In just a few hours time, ‘Batman V. Superman: Dawn Of Justice’ debuts in theaters worldwide. Which has ModCon02 thinking about ‘Batman Returns’ – his favorite big screen version of the perennial comic book hero.
I may have mentioned this before, but Batman was always my favorite super hero. I don’t remember when this realization came to me exactly. My best guess is I had to be somewhere around 3 or 4 years old. Probably. What I do remember, with absolute certainty, is that it was the cover of Detective Comics #27 that first sparked my interest in the character. I’m pretty sure I first saw it as one of the “Famous First Edition” reprints that DC did back in the 70s. The big silver border looms large in my memory.
The crude angular nature of the composition didn’t matter to me. The costume worn by Batman was so striking that I didn’t even need to see the story inside. Something about the toothed cape and the cowl with pointy, devil-like… what were those things anyway? Ears? Horns? I mean, I knew in theory he was representing a bat, but… honestly there was something so menacing about the overall effect. And Batman never smiled in those early strips. Every other comic book super hero, be it Wonder Woman, Superman or Captain America, was usually shown with a beaming grin, waving to the nice people as they stuffed evildoers into a trash can.
Not Batman. He looked… scary.
And he was the Good Guy!
So, I was hooked from an early age. I was a total Bat-Fan. I would watch the Adam West TV show re-runs unironically. (I thought they were serious. I swear I really did.) I bought the then-current issues when I could, but I honestly always preferred the old “Bob Kane version”. As I got older, I cottoned on to the fact that a concerted effort was made after 1940 to “lighten up” the image of Batman. The cowl ears got shorter, the cape got way more blue, Robin popped up, and Batman smiled. He smiled A LOT, to be honest. Which always seemed a little “off” to me.
I liked Batman when he was a creepy, unknowable creature of the night. I wanted the cowl ears to be long. I wanted the cape to be black with dark blue highlights, damn it. I mean, I still loved the TV show. And I’d read the stories from the 40s where Batman and Robin would battle giant space dinosaurs or whatever and enjoy them as well, but… yeah. I was becoming one of those people who preferred it when Batman was taken “seriously”.
Well, I got my wish. Frank Miller’s game-changing ‘Dark Knight Returns’ mini-series was first published in 1986. The Batman comics had been steadily trending darker way before that, but the popular and critical success of Miller’s “grim ‘n gritty” vision tipped the scales permanently towards “serious”. Alan Moore and Brian Bolland’s ‘Killing Joke’ arrived 2 years later in 1988. A re-calibrated “possible origin” story for The Joker, Batman’s most iconic nemesis, it featured horrific moments like Commissioner Gordon and his daughter Barbara being tortured and possibly sexually assaulted. Barbara, a.k.a. Batgirl, is shot through the spine and left crippled – a condition that remains to this day in the comic books. ‘Killing Joke’ was almost as highly praised as Miller’s ‘Dark Knight Returns’ and won multiple awards. The verdict was official: Batman comics were now “serious”, “adult” business.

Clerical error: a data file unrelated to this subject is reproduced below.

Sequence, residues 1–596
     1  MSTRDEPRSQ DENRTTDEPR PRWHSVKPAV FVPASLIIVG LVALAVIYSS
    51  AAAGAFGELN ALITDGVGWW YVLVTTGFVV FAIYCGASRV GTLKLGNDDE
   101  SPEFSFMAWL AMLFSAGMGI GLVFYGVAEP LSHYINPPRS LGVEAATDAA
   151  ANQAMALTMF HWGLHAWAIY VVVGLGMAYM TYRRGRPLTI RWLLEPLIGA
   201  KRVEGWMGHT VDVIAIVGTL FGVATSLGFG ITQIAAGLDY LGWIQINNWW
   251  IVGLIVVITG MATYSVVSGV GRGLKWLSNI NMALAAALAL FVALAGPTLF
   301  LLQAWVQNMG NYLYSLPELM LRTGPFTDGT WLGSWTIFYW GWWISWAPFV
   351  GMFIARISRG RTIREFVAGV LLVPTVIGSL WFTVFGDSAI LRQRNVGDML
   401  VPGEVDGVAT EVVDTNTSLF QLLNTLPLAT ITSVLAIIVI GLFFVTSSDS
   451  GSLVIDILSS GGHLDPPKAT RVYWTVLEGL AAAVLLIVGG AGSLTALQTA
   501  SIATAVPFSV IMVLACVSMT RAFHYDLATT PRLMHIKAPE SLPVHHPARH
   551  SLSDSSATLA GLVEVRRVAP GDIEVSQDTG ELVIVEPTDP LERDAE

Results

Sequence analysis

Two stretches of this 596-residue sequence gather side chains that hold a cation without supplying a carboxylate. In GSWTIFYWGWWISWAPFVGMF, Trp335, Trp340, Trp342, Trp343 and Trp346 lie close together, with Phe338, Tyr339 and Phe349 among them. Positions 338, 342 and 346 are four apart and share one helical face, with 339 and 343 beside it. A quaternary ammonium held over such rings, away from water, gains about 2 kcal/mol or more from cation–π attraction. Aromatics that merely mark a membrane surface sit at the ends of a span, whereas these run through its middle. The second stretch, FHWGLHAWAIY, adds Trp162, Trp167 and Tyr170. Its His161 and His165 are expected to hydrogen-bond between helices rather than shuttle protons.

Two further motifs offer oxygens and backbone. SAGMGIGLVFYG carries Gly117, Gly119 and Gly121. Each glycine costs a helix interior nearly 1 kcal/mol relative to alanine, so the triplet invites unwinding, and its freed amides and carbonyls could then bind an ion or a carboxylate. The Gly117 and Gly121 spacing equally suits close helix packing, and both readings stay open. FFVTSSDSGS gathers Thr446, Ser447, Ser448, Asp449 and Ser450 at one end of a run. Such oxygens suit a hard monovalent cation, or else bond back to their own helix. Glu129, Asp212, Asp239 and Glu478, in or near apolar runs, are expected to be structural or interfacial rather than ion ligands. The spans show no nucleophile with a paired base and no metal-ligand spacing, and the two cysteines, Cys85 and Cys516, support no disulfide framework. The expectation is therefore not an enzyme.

This was the landscape that Tim Burton’s ‘Batman’ was released into in 1989. I remember the buzz had been building around the movie for a year, but no one was convinced it was going to be any good. Burton’s only movies prior to ‘Batman’ were ‘Pee Wee’s Big Adventure’ and ‘Beetlejuice’. I was and am a fan of both of those movies, but they didn’t suggest the work of a director who should be taking on ‘Batman’. And yeah, everyone was thrilled that Jack Nicholson was playing The Joker, but Burton’s choice of Michael Keaton for Batman/Bruce Wayne was greeted with reserved caution at best and outright scorn at worst.
(Imagine casting Keaton as Batman in this day and age? There’d be fanboy riots, man! Twitter would overload and crash!)
As it happened, the movie was a runaway blockbuster hit of totally unexpected proportions. At the time, I loved it. I thought it was great. It wasn’t campy like the TV show; it looked amazing; I loved Nicholson’s Joker, and I thought Keaton absolutely nailed the role of Batman/Bruce Wayne. But today, Keaton’s performance, Danny Elfman’s score and Anton Furst’s Oscar-winning production designs are about the only parts that I still unequivocally love. ‘Batman’ is a deeply flawed, poorly paced movie; and it’s faults became increasingly obvious to me upon every repeat viewing. Burton himself has stated that he was dissatisfied with the end result, and it was a notoriously troubled shoot; with lead actresses being recast at last minute and a producer who defined the term “meddlesome”. Burton resolved that next time, things would be different.
And boy howdy, they were.
‘Batman Returns’ premiered in June of 1992. It’s safe to say it was the most anticipated movie of that year. It opened strong (highest grossing weekend in cinema history ever at the time) and ended up becoming the third-highest grossing film of 1992. Critical reaction was mixed (Roger Ebert called it “…not a bad movie, but a misguided one”) and parents were horrified by the suggestive nature of Michelle Pfieffer’s Catwoman and the sheer weirdness of Danny DeVito’s Penguin. Not to mention Batman himself was a less visible presence in this movie. McDonald’s famously cancelled it’s Happy Meals tie-in promotion. (Honestly though, it’s kind of hard to fault them; this is a movie that opens with a rich couple tossing their hideously deformed child into the sewers.) In the end, moviegoers opted to fall in love with ‘Aladdin’, and ‘Batman Returns’ ended up grossing a little over half of what it’s predecessor made. By Hollywood’s strange logic, the third-highest grossing movie of the year was a failure.